Hendry County Jail Officials have received notification that one inmate that has tested positive for COVID-19. The agency released a statement that said, “we are continuing to follow all CDC guidelines and isolating new inmates as they come in and have quarantined all inmates. All inmates that have been housed and within close proximity of the inmate have been tested and we are currently awaiting the results”.
Governor Ron DeSantis signed House Bill 641, Funds for the Operation of Schools, and announced the approval of $500 million in the state’s budget, dedicated to raising teacher salaries in Florida. $400 million is invested to raise the minimum base pay for full-time classroom teachers, and $100 million is to raise the salaries of Florida’s veteran teachers and other instructional personnel. According to a press release from the Governor’s Office, this historic increase puts Florida among the best states in the nation for minimum teacher pay, a bold step in alleviating the teacher shortage and elevating the teaching profession to the level of appreciation it deserves. The state is still offering free certification testing for new teachers.
The Florida Department of Health issued an additional Public Health Advisory in response to COVID-19. The Public Health Advisory provides the following recommendations: All individuals in Florida should wear masks in any setting where social distancing is not possible, unless: You’re a child under 2, medical conditions or disabilities prevent such, you’re receiving a service that involves the nose or face and temporary removal is necessary, it prevents you from doing your job, or if you work outside and social distancing is in place. All individuals over the age of 65 and all individuals of any age with high-risk health conditions should limit personal interactions outside of the home. All individuals should refrain from participation in social or recreational gatherings of more than 50 people. For all gatherings of fewer than 50 people, individuals should practice social distancing by maintaining a distance of at least six feet from each other and wearing a face covering.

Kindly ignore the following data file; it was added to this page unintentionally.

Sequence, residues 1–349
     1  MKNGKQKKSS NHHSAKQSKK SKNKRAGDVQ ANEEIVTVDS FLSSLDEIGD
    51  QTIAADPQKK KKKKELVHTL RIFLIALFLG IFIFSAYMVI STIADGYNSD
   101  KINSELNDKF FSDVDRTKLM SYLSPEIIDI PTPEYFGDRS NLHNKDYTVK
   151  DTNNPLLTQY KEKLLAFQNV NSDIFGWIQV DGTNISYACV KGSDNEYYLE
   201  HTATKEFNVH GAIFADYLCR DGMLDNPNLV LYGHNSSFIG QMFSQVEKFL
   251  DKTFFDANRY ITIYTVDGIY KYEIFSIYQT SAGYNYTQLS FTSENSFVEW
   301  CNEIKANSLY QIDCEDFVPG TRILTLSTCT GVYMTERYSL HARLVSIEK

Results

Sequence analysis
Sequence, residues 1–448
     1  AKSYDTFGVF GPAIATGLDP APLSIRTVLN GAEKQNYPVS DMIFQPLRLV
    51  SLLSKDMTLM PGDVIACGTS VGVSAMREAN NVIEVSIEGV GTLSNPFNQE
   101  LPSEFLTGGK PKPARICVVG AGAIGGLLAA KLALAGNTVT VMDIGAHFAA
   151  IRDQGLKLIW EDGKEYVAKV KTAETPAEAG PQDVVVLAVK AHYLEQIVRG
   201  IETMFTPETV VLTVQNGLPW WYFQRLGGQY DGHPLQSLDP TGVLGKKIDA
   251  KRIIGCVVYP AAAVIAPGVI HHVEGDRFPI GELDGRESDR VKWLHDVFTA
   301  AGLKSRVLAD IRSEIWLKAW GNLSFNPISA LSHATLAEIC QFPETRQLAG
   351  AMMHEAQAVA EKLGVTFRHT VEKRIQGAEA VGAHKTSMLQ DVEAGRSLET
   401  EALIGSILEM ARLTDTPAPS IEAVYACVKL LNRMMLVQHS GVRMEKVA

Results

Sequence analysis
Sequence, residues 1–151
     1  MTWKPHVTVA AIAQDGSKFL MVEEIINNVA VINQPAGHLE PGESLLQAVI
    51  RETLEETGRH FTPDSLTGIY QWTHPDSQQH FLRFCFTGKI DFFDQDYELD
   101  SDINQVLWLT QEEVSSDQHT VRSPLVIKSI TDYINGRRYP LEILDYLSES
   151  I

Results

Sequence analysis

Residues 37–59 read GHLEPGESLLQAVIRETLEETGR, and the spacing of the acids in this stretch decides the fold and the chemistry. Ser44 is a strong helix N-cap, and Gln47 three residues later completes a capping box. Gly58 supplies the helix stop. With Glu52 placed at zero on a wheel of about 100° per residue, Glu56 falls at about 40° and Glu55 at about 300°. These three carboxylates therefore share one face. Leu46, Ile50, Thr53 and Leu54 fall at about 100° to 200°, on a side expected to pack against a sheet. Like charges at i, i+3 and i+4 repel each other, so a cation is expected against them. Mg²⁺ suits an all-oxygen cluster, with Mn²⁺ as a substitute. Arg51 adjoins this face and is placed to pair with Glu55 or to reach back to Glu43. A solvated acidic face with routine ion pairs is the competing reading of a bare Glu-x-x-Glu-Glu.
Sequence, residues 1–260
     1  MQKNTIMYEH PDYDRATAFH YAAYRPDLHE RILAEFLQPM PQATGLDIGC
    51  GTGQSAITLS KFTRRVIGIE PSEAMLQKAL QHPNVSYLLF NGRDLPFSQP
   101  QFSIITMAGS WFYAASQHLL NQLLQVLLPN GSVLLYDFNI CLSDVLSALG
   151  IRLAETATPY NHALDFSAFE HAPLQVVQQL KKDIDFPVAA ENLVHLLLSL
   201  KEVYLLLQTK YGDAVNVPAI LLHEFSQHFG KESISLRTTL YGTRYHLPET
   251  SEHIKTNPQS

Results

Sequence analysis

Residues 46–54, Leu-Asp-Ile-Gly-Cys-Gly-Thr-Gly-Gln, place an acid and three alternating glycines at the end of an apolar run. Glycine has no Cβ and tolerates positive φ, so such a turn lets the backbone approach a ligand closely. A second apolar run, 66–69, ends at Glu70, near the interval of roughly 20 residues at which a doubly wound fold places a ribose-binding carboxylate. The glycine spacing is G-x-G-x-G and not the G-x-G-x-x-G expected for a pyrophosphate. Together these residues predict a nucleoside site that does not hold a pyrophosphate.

An affiliate news source reports, the city manager of Pahokee must repay the city more than $5,000 after an investigation found he used a city credit card for personal expenses. The Office of Inspector General found Chandler Williamson made inappropriate purchases with a city credit card between June 2015 and May 2019. According to the report, the inappropriate expenses totaled $5,840.92. The report said Williamson used the card 21 times on rental cars; to book 16 flights; and to help cover expenses on four trips to Columbia, South Carolina, for his alumni homecoming weekends at Benedict College. He also used it during a trip to Las Vegas for the International Council of Shopping Centers. The OIG report stated the expenses were not related to official city business and “lacked required travel request forms or supporting documentation;” that Williamson did not use “the most economic means of transportation;” and that some expenses “lacked receipts;” and some of the purchases were for “unallowable expenses.” Investigators also made note of $15,941.08 worth of questionable charges without sufficient documentation. Last year, the OIG found Williamson violated policy for unauthorized bonuses and days off.